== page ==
Tuesday, February 5, 2008
RESEARCHERS FIGHT FOR THE DEVIL AGAINST A NEW EMERGING DISEASE
A new emerging disease has been discovered in the devil. The disease causes aggressive disfiguration by a rapidly growing cancer and is unique in how it is transmitted, especially when devils fight with each other. The disease threatens the devil’s extinction.
How do these new emerging diseases come about? Could this new “devil disease” be caused by unregulated research in embryonic stem cell laboratories where dangerous genetically-engineered viruses are being used to make disease-state models? Will the researchers find GFP upon sequencing the devil which could shed some “light” on this subject”?
Will scientists continue to hide the fact that dangerous biological research is being performed in every major academic and private research center which could contribute to new emerging disease? Or will scientists just remain tongue-tied and continue to fight for the devil?
Public release date: 28-Jan-2008[
Cold Spring Harbor Laboratory researchers race against time to save Tasmanian devils
A delegation of Tasmanian government officials traveled halfway around the world to visit Cold Spring Harbor Laboratory (CSHL), to lend their support and extend their gratitude for research aimed at understanding a unique transmissible and rapidly spreading cancer that threatens the very existence of Tasmanian devils. To combat this particularly aggressive disease, a CSHL research team in collaboration with 454 Lifesciences is committing resources to sequence parts of the devil’s genome in an effort to increase the odds of saving them from extinction.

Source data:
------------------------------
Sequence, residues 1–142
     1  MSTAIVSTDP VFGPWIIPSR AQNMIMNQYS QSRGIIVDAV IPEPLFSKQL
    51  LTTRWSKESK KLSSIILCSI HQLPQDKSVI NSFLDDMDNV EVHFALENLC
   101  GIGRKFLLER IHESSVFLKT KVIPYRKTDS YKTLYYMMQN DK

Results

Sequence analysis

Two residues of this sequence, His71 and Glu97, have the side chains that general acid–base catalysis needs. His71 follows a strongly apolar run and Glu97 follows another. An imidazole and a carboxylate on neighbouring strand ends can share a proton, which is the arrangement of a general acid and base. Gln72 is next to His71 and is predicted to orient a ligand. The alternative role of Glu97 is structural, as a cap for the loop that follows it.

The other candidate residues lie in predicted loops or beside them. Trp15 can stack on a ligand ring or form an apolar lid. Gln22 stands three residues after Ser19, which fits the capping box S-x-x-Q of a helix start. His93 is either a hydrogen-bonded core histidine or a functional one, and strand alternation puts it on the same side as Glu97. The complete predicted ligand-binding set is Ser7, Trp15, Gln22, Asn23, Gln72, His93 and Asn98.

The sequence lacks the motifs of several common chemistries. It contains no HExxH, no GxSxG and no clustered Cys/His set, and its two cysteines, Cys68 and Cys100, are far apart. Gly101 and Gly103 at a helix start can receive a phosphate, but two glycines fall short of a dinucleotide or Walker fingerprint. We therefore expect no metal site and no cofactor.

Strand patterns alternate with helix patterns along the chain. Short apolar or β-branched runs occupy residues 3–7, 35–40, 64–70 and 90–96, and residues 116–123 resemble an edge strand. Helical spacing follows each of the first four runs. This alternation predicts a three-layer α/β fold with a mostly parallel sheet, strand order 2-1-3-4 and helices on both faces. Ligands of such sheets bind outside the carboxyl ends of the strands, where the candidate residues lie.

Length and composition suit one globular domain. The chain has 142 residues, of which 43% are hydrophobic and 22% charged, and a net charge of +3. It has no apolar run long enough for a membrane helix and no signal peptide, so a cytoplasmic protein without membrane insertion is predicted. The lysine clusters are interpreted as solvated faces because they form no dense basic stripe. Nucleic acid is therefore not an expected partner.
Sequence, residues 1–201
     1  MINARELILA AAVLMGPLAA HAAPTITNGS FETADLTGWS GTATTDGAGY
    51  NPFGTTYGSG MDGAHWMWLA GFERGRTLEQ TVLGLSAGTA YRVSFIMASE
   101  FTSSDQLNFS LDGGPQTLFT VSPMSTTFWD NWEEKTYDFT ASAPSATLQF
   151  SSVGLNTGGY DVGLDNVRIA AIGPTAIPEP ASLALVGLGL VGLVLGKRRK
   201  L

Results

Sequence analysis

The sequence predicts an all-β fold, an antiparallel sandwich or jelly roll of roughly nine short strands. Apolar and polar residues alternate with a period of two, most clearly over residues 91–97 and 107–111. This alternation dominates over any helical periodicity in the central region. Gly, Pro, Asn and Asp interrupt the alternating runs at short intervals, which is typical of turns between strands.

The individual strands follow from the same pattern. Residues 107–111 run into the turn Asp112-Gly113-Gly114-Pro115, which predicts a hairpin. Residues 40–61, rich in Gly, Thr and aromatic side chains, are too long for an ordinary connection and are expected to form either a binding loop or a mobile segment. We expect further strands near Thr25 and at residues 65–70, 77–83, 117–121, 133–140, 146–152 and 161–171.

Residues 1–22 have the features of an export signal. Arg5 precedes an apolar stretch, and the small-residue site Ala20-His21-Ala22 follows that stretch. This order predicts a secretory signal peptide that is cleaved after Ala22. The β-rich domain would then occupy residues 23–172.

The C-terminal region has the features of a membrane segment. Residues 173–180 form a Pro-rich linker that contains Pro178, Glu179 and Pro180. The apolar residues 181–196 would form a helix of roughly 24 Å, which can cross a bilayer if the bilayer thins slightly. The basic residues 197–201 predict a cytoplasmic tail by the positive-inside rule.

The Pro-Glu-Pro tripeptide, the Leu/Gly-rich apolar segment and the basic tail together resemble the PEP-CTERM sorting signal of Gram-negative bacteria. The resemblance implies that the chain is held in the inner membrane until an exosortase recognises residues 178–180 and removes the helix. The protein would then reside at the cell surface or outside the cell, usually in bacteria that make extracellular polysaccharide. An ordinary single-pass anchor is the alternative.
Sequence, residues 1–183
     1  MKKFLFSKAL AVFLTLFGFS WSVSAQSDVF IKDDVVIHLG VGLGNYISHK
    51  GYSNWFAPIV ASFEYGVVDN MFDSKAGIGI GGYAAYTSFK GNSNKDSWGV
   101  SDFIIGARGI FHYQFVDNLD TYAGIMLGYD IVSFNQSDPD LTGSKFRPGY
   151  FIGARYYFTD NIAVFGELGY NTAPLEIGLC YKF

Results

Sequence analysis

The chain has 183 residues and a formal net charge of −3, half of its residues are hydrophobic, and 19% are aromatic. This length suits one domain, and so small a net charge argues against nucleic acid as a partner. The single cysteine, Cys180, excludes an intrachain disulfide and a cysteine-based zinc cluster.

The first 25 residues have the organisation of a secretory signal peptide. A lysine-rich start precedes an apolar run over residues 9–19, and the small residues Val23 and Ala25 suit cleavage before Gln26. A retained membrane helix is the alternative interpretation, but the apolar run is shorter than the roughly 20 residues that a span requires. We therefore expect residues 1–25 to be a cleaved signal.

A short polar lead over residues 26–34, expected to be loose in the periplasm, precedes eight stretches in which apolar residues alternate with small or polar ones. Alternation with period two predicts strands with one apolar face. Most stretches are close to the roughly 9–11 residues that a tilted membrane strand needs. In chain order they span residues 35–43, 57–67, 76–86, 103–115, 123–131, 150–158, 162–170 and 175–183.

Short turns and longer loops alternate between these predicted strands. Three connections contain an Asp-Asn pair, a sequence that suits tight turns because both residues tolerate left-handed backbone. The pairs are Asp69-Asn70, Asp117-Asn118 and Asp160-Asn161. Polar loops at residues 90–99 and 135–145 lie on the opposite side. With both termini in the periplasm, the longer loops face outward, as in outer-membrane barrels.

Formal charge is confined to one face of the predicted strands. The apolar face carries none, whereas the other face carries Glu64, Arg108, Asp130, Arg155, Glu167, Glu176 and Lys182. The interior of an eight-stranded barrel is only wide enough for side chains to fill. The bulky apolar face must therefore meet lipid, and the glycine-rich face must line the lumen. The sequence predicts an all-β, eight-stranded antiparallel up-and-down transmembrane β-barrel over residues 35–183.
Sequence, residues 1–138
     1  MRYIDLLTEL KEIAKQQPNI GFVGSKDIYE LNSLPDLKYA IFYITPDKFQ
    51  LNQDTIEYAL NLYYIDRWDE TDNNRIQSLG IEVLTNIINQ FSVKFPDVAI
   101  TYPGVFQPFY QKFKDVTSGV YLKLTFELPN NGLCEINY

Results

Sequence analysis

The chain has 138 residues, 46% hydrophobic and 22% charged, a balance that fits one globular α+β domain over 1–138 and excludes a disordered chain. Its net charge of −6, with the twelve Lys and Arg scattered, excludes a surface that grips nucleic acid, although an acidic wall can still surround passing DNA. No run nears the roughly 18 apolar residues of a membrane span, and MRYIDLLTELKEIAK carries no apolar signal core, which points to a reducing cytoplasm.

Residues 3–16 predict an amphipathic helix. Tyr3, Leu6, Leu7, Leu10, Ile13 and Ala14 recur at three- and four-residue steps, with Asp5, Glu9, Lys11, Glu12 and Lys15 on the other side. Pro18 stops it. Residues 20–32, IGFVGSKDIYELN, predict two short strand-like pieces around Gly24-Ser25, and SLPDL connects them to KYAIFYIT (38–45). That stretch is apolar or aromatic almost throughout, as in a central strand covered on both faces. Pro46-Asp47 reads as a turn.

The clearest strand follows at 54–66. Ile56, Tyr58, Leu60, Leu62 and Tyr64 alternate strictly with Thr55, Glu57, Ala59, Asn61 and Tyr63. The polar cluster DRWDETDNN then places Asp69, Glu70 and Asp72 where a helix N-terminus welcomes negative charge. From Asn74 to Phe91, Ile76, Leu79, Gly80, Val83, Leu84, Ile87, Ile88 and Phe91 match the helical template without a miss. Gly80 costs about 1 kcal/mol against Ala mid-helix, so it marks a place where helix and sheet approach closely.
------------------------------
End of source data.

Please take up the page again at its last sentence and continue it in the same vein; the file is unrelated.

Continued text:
In 1996 scientists first discovered the facial tumors on Tasmanian devils. Subsequent research revealed that the cancer is transmitted from one devil to another when tumor cells are transplanted through fighting, biting, and other physical contact. Once afflicted with the cancer, aggressive tumors begin to appear on the face and neck of the devils, restricting their ability to eat. Within approximately three months, the devils succumb to the disease and often die of starvation. The disease has decimated the devil population by nearly 90 percent in certain geographical areas of Tasmania, and officials project that within twenty years the entire species could become extinct.
The process by which the disease spreads among the devils has only been seen once before and represents a new field in cancer biology. Inbreeding in wild populations may prevent the devils’ immune system from recognizing the cancer as foreign, allowing the cancer to be transmitted. To provide an alternate fate for the devils, the Tasmanian government will have an insurance population of more than two hundred devils in quarantined facilities before the end of 2008.